Measurement report: Characterization of severe spring haze episodes and influences of long-range transport in episodes the Seoul metropolitan area in March 2019
- Measurement report: Characterization of severe spring haze episodes and influences of long-range transport in episodes the Seoul metropolitan area in March 2019
- 김화진; Qi Zhang; Yele Sun
- Aerosol; HR-ToF-AMS; long range trasnport; Pb; nitrate; Smog; haze
- Issue Date
- Atmospheric chemistry and physics
- VOL 20-11550
- Severe haze episodes have occurred frequently in the Seoul metropolitan area (SMA) and throughout East Asian countries, especially during winter and early spring. Although notable progress has been attained in understanding these issues, the causes of severe haze formation have not yet been fully investigated. SMA haze is especially difficult to understand, because the area is impacted by both local emissions from anthropogenic and biogenic activities and emissions transported from upwind sources. Here, we investigated the emission sources and formation processes of particulate matter (PM) during three haze episodes measured in early spring of 2019, from 22 February to 2 April, using a high-resolution aerosol mass spectrometer (HR-AMS).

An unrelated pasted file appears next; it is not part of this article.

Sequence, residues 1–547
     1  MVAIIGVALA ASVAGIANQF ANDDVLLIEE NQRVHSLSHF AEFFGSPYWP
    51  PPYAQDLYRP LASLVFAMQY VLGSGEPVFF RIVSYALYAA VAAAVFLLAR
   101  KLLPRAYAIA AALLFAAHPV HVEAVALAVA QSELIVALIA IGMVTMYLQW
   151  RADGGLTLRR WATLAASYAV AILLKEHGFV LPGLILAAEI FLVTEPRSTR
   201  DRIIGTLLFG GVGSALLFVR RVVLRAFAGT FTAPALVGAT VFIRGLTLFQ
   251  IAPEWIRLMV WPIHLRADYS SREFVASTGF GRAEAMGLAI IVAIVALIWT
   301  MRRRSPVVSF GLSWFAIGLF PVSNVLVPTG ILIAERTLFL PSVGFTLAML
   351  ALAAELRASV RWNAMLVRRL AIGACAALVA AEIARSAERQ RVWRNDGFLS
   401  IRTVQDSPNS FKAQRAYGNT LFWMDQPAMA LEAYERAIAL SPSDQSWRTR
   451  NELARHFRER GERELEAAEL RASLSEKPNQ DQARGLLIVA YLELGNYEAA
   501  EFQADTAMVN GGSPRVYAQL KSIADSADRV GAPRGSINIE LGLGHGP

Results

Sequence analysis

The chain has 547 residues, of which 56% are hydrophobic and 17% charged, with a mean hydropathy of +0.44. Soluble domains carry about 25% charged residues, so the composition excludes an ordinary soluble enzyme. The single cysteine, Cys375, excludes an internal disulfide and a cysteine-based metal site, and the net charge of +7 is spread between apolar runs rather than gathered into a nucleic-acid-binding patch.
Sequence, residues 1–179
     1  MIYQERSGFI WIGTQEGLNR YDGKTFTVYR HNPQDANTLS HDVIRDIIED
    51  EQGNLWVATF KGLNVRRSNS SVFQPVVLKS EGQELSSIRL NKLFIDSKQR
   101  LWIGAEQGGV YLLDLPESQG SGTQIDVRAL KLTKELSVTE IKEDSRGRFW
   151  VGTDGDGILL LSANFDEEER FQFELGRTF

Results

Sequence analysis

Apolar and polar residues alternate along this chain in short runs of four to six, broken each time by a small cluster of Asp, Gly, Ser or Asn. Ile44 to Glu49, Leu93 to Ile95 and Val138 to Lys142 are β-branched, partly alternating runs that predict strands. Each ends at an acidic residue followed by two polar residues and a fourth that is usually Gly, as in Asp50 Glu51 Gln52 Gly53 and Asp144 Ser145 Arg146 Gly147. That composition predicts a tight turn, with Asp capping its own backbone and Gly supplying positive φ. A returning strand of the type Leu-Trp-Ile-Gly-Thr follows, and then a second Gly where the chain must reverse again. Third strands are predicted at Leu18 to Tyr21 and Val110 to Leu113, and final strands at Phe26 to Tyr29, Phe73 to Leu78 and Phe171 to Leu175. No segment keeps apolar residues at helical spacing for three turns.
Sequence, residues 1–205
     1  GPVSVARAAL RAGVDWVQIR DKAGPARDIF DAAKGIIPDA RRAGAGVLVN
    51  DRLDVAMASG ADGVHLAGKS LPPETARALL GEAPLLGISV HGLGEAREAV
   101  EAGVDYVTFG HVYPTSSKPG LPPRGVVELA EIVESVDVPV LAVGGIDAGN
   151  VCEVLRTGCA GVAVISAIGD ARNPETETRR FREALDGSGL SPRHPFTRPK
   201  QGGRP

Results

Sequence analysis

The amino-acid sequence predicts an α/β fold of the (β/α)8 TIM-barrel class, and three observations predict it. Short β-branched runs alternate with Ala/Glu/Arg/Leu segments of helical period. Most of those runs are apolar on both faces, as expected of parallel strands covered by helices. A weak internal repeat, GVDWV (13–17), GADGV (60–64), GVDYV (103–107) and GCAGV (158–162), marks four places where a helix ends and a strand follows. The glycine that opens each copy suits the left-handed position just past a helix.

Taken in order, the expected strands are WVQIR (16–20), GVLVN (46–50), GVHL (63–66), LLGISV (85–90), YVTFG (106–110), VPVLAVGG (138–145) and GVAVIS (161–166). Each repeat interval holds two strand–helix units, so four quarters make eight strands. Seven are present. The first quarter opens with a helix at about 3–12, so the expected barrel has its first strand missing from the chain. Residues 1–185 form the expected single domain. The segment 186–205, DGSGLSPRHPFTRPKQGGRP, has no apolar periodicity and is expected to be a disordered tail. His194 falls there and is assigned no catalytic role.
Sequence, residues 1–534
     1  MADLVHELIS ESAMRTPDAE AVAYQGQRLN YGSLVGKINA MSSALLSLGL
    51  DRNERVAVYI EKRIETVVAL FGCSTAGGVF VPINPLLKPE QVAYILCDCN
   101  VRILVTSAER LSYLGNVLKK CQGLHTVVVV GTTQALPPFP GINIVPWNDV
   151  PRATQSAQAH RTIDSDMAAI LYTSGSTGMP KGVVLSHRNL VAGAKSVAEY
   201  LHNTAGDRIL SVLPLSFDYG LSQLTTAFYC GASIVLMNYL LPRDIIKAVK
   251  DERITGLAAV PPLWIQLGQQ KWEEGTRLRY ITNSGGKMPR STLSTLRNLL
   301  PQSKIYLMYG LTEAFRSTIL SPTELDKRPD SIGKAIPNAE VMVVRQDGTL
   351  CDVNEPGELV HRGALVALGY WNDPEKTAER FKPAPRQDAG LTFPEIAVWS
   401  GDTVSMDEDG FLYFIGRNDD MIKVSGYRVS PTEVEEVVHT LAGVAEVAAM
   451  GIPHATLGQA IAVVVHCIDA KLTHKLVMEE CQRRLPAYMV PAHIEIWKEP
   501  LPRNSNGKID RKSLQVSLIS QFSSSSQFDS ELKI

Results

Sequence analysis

Overall, the average concentration of nonrefractory submicron aerosol (NR-PM1) + BC (black carbon) was 35.1  µ g  m− 3, which was composed of 38  % organics, 12  % SO4, 30  % NO3, 13  % NH4, and 5  % BC. The organics had an average oxygen-to-carbon ratio (O∕ C) of 0.52 and an average organic mass to organic carbon ratio (OM∕ OC) of 1.86. Seven distinct sources of organic aerosols (OAs) were identified via positive matrix factorization (PMF) analysis of the HR-AMS data: vehicle-emitted hydrocarbon-like OA (HOA), cooking OA (COA), solid-fuel-burning emitted OA (SFOA), and four different types of oxidized secondary OA with varying oxidation degrees and temporal trends.
Of the 40  d of the measurement period, 23 were identified as haze days (daily average: >35  3), during which three severe haze episodes were recorded. In particular, PM1 concentration exceeded 100  3 during the first episode when an alert was issued, and strict emission controls were implemented in the SMA. Our results showed that nitrate dominated during the three haze episodes and accounted for 39
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